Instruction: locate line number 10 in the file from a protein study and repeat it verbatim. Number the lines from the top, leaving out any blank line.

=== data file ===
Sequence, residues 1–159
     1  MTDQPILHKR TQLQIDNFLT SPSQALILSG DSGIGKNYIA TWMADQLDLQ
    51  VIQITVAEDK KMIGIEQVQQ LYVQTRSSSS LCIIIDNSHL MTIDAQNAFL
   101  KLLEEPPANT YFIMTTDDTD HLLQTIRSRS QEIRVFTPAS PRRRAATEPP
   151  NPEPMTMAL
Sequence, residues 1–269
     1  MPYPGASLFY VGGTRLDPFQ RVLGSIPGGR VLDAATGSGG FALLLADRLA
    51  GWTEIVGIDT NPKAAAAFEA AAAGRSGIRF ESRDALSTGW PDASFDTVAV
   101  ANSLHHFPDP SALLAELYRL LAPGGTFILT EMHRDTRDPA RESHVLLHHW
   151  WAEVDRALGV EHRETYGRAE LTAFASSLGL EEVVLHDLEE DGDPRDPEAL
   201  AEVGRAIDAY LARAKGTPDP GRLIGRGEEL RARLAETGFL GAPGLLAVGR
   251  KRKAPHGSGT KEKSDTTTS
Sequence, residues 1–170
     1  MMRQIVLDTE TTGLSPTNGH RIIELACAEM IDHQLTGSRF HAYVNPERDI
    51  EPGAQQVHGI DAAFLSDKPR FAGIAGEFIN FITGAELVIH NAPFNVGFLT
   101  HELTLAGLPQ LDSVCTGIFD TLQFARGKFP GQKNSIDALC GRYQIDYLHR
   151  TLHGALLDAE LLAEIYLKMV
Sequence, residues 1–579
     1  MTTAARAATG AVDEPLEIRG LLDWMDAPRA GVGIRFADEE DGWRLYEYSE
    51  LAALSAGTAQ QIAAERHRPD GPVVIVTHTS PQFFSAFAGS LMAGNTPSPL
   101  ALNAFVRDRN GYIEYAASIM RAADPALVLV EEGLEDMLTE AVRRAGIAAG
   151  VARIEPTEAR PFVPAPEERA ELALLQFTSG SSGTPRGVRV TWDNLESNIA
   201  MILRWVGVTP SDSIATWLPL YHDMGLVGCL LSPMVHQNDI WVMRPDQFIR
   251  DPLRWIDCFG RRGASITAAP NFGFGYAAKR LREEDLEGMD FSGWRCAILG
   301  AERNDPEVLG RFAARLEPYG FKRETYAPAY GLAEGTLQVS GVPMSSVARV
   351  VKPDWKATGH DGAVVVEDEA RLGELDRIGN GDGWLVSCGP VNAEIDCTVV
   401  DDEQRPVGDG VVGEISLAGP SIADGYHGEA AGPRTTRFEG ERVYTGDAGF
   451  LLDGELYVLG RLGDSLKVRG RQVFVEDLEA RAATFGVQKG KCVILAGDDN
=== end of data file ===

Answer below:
   151  WAEVDRALGV EHRETYGRAE LTAFASSLGL EEVVLHDLEE DGDPRDPEAL